In Scotland, we have built a reputation in Europe as leaders in climate change, the circular economy and waste reduction and I fully intend to make sure we protect that position and continue to play our role contributing to EU-wide policy to maintain, protect and promote the environment.
Holyrood: This is the second time you have held the environment portfolio, what have the biggest changes been in the time you have been away?
RC: The portfolio isn't exactly the same as it was in 2009-11. For example, I’m now wholly responsible for Scottish Water, and waste and climate change are also part of it. Land reform also looms much larger now than it did then, when the 2003 Act had been fully implemented but was still bedding in.
Apart from new areas of policy, I can see areas where we are much further ahead – for example, on tackling waste, improvements on recycling, investment to manage the impact of flooding and legislation that’s helping to improve the protection for some of our wildlife and habitats.
But protecting and enhancing the environment is not a short-term project – we are trying to deliver change in attitudes and behaviour and that takes time.
Holyrood: What would you hope to have achieved by 2021?
RC: I hope we’ll have made further significant progress in reducing our emissions and tackling climate change. As part of that, I hope that as a country we have shifted substantially towards a low carbon economy – with more power from renewable sources and the value in goods being recognised and preserved with an end to the throwaway culture.
Elsewhere in the portfolio, we’ll have a system of land rights and responsibilities that helps make Scotland a fairer and wealthier place, with improved transparency and a register to help people find out who controls landowners and tenants, as well as seeing that the Land Fund has helped many more communities buy the land they live and work on.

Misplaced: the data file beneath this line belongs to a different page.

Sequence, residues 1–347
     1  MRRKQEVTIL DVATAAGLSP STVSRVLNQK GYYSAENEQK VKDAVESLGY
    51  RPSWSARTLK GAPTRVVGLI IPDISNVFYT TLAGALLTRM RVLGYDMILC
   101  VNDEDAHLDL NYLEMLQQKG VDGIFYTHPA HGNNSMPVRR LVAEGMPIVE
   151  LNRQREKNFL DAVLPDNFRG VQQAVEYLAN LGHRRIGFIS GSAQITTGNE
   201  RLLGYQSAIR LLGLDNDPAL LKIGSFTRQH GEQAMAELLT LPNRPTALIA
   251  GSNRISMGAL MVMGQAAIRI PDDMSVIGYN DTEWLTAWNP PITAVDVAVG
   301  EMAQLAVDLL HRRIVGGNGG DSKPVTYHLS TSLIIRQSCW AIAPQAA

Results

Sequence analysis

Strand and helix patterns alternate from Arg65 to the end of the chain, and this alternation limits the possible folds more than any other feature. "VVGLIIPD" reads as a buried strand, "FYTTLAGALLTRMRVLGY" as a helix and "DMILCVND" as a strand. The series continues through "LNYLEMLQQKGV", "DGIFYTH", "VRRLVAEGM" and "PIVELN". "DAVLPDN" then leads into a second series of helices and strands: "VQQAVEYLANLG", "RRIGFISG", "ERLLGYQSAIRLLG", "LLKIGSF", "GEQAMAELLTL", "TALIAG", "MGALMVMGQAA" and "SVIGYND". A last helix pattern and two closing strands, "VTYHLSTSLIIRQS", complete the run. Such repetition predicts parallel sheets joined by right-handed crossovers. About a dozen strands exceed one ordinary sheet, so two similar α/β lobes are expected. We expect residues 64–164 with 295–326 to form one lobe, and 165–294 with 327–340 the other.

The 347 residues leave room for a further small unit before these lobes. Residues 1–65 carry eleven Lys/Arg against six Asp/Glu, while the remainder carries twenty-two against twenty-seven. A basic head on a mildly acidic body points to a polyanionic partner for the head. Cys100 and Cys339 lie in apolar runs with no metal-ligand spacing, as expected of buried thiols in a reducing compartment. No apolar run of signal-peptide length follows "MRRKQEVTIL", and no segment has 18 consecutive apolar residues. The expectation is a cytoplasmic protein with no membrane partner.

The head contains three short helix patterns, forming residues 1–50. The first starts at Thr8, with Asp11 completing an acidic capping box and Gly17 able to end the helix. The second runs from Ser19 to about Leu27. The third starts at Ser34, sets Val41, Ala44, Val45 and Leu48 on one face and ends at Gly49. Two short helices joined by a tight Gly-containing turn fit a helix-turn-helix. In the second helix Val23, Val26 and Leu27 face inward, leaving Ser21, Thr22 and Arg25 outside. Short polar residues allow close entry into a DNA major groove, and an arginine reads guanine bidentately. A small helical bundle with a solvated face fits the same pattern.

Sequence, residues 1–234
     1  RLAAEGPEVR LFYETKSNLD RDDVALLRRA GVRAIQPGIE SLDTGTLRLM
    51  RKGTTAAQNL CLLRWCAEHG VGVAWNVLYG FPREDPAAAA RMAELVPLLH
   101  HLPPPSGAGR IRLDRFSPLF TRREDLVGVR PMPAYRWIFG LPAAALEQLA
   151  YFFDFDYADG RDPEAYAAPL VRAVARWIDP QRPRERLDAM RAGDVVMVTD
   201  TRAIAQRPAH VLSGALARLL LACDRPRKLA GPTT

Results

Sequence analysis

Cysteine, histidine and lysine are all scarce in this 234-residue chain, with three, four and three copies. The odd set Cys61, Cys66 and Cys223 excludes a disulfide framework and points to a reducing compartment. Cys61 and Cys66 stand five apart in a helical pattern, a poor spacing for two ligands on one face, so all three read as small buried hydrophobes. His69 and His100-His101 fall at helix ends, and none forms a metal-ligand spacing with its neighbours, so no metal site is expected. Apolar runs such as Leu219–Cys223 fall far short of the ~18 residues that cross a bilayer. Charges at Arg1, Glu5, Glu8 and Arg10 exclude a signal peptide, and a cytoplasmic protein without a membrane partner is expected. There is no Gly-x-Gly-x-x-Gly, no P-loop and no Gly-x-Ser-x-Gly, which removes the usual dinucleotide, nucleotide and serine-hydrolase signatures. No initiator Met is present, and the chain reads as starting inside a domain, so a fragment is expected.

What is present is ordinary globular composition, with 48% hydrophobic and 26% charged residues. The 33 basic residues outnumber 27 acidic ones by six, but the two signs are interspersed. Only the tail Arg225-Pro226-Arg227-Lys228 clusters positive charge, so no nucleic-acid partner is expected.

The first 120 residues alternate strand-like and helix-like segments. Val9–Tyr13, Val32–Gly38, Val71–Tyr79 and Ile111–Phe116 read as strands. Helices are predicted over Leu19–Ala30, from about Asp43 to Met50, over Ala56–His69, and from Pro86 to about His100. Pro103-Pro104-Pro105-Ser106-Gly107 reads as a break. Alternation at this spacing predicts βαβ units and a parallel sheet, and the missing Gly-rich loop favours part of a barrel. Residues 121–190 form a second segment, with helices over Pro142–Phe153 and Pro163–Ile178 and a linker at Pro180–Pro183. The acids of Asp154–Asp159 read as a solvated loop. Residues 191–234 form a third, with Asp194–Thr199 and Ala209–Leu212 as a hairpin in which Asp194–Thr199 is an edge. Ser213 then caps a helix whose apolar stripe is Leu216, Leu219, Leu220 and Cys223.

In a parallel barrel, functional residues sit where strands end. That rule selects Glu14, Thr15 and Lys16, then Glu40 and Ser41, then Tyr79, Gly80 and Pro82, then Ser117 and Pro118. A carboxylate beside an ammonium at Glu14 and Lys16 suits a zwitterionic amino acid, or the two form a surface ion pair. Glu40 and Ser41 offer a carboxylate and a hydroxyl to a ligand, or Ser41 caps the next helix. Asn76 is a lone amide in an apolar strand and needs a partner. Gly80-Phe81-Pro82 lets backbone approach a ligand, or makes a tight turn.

We will also have given communities more opportunities to bring land back into productive use, through the introduction of the right to buy abandoned, neglected and detrimental land, and the right to buy land to further sustainable development. Both of these rights will allow communities, under certain circumstances, to purchase such land without the owner’s consent.
Fundamentally, I hope and believe Scotland will be a country that values its environment, natural assets and species and continues to have an international reputation as a leading voice on environmental issues.
Holyrood: What is your favourite outdoor activity?
RC: Oh, walking, definitely, at home and abroad, when I can find the time, though that's not always easy.
My actual holidays are usually walking holidays – this year I went to the Tatra Mountains in Poland and also to the 'Jurassic Coast', i.e., Dorset. Both completely different – but that's the beauty of walking!
Professor Robert Ellam discusses climate change and calls for universities to divest from fossil fuels
Committee convener Graeme Dey said: “The Crown Estate Bill is hugely significant for Scotland, and it will help to oversee the management of more than £275 million worth of assets...
The university announced the move as part of its plans to become carbon neutral by 2040
Reports suggest the Treasury is in line to receive around £1bn in tax revenues from the industry in the coming financial year